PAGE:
Old 12-21-11, 11:09 PM
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I think there is no problem wiring three way and one way switches in the same circuit. In your diagram, I would presume that the hot wire(source) is the black wire(12/2) connected to the red wire(12/3) that goes to the 3way switch that controls the light upstairs. I would assume also that the basement light is controlled by a separate light switch. Since all the three wires in the 3way switch are all hot and you connected the black wire for the basement light to the white wire(taped black) from the 3way switch; everytime the 3way switches are inactive (off), you won't have power going to the basement light. You can correct this by connecting the black wire for the basement light to the red wire in the 3way switch. By doing so, the power going to the basement light will always be active. I hope this will be of help. Good luck.
Old 12-22-11, 04:54 AM
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What size breaker is protecting this circuit?

You should not mix wire gauges in the same branch circuit.
Old 12-22-11, 08:28 AM
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Sometimes it is desirable to use a different gauge of wire somewhere in a circuit becuase that is a leftover piece of cable you have no near future use for and also it is inconvenient to have to go out and buy the correct size and perhaps end up with a lot of lefover in that size.

But if there is any 14 gauge wire in the circuit, the breaker may be no higher than 15 amps.

It is okay to have a 15 amp rated switch on a 20 amp circuit but the wire beyond the switch has to be at least 12 gauge.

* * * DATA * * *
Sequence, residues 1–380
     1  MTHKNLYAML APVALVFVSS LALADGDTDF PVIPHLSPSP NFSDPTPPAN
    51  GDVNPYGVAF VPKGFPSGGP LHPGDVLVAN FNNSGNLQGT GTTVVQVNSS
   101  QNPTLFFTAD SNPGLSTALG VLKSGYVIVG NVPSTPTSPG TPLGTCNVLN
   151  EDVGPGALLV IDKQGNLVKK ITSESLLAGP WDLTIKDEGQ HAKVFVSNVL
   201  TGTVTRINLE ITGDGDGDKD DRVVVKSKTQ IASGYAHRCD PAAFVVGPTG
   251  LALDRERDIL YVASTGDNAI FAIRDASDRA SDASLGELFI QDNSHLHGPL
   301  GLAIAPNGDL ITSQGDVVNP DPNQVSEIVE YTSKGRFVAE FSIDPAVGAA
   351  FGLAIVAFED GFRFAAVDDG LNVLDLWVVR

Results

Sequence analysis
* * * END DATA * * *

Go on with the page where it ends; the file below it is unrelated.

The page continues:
It is suggested that (if permitted) if a 12 and 14 gauge circuit enters the breaker box as 12 gauge, that a short 14 gauge pigtail be put on the incoming hot conductor to connect to the (15 amp) breaker.
Old 12-22-11, 09:51 AM
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Thanks everyone!

tinoM - Yes, the hot source wire is the black wire in the 12/2 at the top left of the diagram. The basement light isn't controlled by a separate light switch, actually. I want the three way switches to control both the upstairs and basement lights, of course having them always in the same in or off state as each other. There's no light around the middle step, but if both lights are on, the entire stairway is nicely lit.

Wirepuller38 - Using a 15A AFCI combination breaker. I'd love to replace the 14/2 cable if it wouldn't be that bad to do, but that existing plastic romex cable happens on the be on the run that would involve tearing out part of the basement's stapled on fake drop ceiling. So, I'd love to use it for now so I can delay the basement ceiling project.

AllanJ - It scares me to have a 15A switch or 15A outlet on a 20A circuit, even though I see it's allowed and commonly done. If there's a malfunctioning light or device that pulls as much current as it can without tripping the 20A breaker, would the 15A switch or outlet start burning up? Or is there enough tolerance built into them that this wouldn't happen? I like the idea of using a 14 gauge pigtail in the panel, to make it very clear what's going on there. I'll make sure to put that in before I'm done.